After Baker’s injury, AEW made the smart choice to keep her on TV and continue her feud with Big Swole, which led to some really fun segments, but now it’s given Swole a kayfabe suspension, which removes yet another woman from the ring. Last week, AEW Dynamite was so bereft of relevant women and women’s storylines that the one women’s match was between Ivelisse and Diamante, neither of whom are signed with AEW. Diamante even returned this week to face Hikaru Shida, but there was still no announcement that she’s joining the roster. She (and by extension Ivelisse) were apparently just around to fill time, not to build for the future.
Even if AEW doesn’t have access to the female talent they’d like to book right now, there are still ways they can demonstrate a commitment to women’s wrestling. Just booking two women’s matches on one episode of Dynamite would feel like a huge step, especially if both of those matches had storylines to go with them. There’s also nothing stopping them from building up a women’s match to be the main event of a show. Treat women’s wrestling like it’s important, and it becomes important.
The rumor has always been that Kenny Omega books the AEW women’s division, and his defensiveness on social media backs up that theory. The biggest problem with that is that he’s a full-time wrestler, and clearly has a lot of things on his plate. The best thing that could happen for the women’s division would be if AEW hired a veteran female wrestler and put her in charge of the division.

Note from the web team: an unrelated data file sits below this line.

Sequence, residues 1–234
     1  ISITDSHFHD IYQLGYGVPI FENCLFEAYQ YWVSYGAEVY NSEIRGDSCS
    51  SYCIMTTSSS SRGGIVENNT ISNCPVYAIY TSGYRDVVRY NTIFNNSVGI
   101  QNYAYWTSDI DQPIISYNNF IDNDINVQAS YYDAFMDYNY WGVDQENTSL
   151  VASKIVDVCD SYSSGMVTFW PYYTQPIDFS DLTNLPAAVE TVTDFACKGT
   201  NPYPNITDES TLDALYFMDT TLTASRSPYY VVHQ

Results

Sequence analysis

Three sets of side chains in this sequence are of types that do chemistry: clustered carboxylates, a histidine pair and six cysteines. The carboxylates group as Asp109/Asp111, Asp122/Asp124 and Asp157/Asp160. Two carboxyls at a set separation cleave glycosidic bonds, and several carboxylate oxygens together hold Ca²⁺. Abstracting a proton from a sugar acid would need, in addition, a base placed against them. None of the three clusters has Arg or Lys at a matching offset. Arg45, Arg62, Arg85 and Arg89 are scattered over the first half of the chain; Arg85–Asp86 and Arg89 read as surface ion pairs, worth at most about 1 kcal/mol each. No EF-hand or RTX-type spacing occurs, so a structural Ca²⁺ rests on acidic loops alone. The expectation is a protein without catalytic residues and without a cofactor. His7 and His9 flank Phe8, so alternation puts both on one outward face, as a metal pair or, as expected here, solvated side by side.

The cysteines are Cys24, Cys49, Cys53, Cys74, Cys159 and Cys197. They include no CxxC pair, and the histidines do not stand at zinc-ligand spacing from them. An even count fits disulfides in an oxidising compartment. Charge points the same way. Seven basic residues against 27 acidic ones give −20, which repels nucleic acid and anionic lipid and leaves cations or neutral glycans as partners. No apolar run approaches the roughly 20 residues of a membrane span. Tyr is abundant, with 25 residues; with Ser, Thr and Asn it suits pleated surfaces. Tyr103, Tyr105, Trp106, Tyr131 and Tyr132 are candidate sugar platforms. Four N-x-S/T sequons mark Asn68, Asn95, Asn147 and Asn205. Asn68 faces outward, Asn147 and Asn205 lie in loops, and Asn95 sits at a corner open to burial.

When Nyla Rose announced she was going to have a manager, I briefly hoped that might turn out to be the leader the division needs. Of course, then it was revealed to be Vicki Guerrero, who brings a lot to the table as a heat-seeking manager, but isn’t known as a wrestler or a booker.
Meanwhile, WWE has basically been carried by its women’s division during this pandemic. Even with Becky Lynch and Charlotte Flair taking time away, Bayley, Sasha Banks, and Asuka have created some of the company’s most memorable moments of the last few months. In NXT as well, champion Io Shirai just faced Tegan Nox, with Dakota Kai and Candice LeRae looming large, and indie breakouts like Shotzi Blackheart and Mercedes Martinez on the rise. For all the problems WWE has had with women’s wrestling over the years (and all the problems it still has), it’s more likely to satisfy a fan of women’s wrestling right now than AEW, the company that was supposed to show them how it’s done.
Even Impact Wrestling, a company that’s all-too-often regarded as a throwback and even a laughing stock, currently has Deonna Purrazzo as Women’s Champion, with ongoing secondary storylines for Taya Valkyrie and Rosemary, Kiera Hogan and Tasha Steelz, Kylie Rae and Susie, and so on. When it comes to women’s booking, AEW is solidly in third place among the three televised wrestling companies.
Hope is an important part of being a wrestling fan. Hoping the babyface will one day get their win, hoping to see the heel get their comeuppance, and hoping that the company to which you devote so much energy will pay you back in joy. So with the lessons of the pandemic learned, here’s hoping the AEW Women’s Division only gets stronger and more spotlighted as the company continues to evolve. The recent announcement of a women’s tag tournament seems encouraging, while rumors that the whole thing will happen online instead of on TV are discouraging but hopefully untrue. Time will tell where all of that leads, but as we approach the first anniversary of AEW Dynamite‘s TV debut, it would be nice to see the women’s division finally find its footing.